The fruit biomass calculations are based on three primary data sets:

  1. Phenology data is used to determine when and to what degree ripe fruit is available for each food tree species.
  2. Transect data is used to determine the abundance of each food tree species.
  3. FPV data is used to determine which trees in the transect data are capable of bearing fruit and feeding monkeys.

The first two data sets can be pulled directly from the PACE database. The FPV data is not (yet) in the database, so it has to be loaded from a CSV file. Ask Fernando for this file if you don’t already have it.

First Steps

Before doing anything, you must install the paceR package for R and set up your connections to the PACE database. There are instructions for doing this here. This is the largest hurdle and nothing else will work until this is done correctly!

Then you can load the required packages:


and create connections to the “monkey” and “paceR” databases.

  # Connect to monkey database
  pace_db <- src_mysql(group = "PACE", user = "camposf", dbname = "monkey", password = NULL)
  # Connect to paceR database  
  paceR_db <- src_mysql(group = "PACE", user = "camposf", dbname = "paceR", password = NULL)

Then we can get the required data:

# Use special phenology query
ph <- getv_Phenology(paceR_db, project = "SR")
# No special transect query, so just get raw table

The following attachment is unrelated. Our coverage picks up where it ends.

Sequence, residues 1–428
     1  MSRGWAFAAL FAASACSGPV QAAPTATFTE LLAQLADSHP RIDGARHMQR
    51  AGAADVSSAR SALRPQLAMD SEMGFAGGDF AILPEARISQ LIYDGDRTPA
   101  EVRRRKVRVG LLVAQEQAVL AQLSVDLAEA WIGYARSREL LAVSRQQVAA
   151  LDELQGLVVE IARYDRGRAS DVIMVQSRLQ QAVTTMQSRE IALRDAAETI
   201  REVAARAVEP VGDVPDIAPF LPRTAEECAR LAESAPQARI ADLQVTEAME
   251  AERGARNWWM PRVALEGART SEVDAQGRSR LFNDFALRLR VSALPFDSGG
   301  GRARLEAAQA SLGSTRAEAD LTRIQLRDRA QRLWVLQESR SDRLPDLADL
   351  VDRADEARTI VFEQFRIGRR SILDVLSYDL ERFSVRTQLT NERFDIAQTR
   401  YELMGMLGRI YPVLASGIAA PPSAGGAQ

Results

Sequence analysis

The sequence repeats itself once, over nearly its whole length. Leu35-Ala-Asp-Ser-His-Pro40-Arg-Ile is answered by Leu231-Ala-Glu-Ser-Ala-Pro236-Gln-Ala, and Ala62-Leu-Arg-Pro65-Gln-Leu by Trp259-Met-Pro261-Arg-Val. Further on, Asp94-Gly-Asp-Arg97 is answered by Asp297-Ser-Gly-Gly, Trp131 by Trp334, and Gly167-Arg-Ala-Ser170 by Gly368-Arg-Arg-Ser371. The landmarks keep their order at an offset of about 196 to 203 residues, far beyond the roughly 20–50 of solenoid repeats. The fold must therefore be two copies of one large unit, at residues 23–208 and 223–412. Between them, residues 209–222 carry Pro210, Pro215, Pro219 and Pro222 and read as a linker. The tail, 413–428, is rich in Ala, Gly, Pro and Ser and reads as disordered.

tr <- get_pace_tbl(paceR_db, "vVegetationTransect")
# Read in FPV file (not currently in PACE!)
fpv <- tbl_df(read.csv("_data/pace-fruit-biomass/AllFPV.csv"))

# Read most recent fig file
figs <- tbl_df(read.csv("_data/pace-fruit-biomass/FicusData_Nov13_2013.csv"))

# Create set of species to exclude
exclude_species <- c("SCAP", "SPAV", "CCAN", "BUNG", "HCOU",
                     "ATIB", "GULM", "LCAN", "LSPE", "FUNK")


The easiest way to calculate monthly fruit biomass for Santa Rosa is to use the convenient function get_biomass_sr(). This is basically a “wrapper” around a longer script that calls different functions one-by-one. These task-specific functions are also available to be used, but they’re not explained here. The advantage to using get_biomass_sr is that it’s very easy. The advantage to using the lower-level functions is that they provide access to other useful information.

This package implements three different methods for calculating fruit biomass. The method is controlled by the parameter called “smooth” that is supplied to the get_biomass_sr function.

No Smoothing

When the function is called with smooth = "none", the raw availability indices are averaged for each species in each month and these values are used to calculate biomass for each species.

biomass_avail_raw <- get_biomass_sr(ph, tr, fpv, figs, exclude_species, 
                                    smooth = "none")

We can look at some of the values…

biomass_avail_raw %>% select(SpeciesName, year_of, month_of, biomass_monthly_kg)
## # A tibble: 5,362 x 4
## # Groups:   SpeciesName, year_of [478]
##         SpeciesName year_of month_of biomass_monthly_kg
##               <chr>  <fctr>   <fctr>              <dbl>
##  1 Alibertia edulis    2007      Feb           0.000000
##  2 Alibertia edulis    2007      Mar           4.257945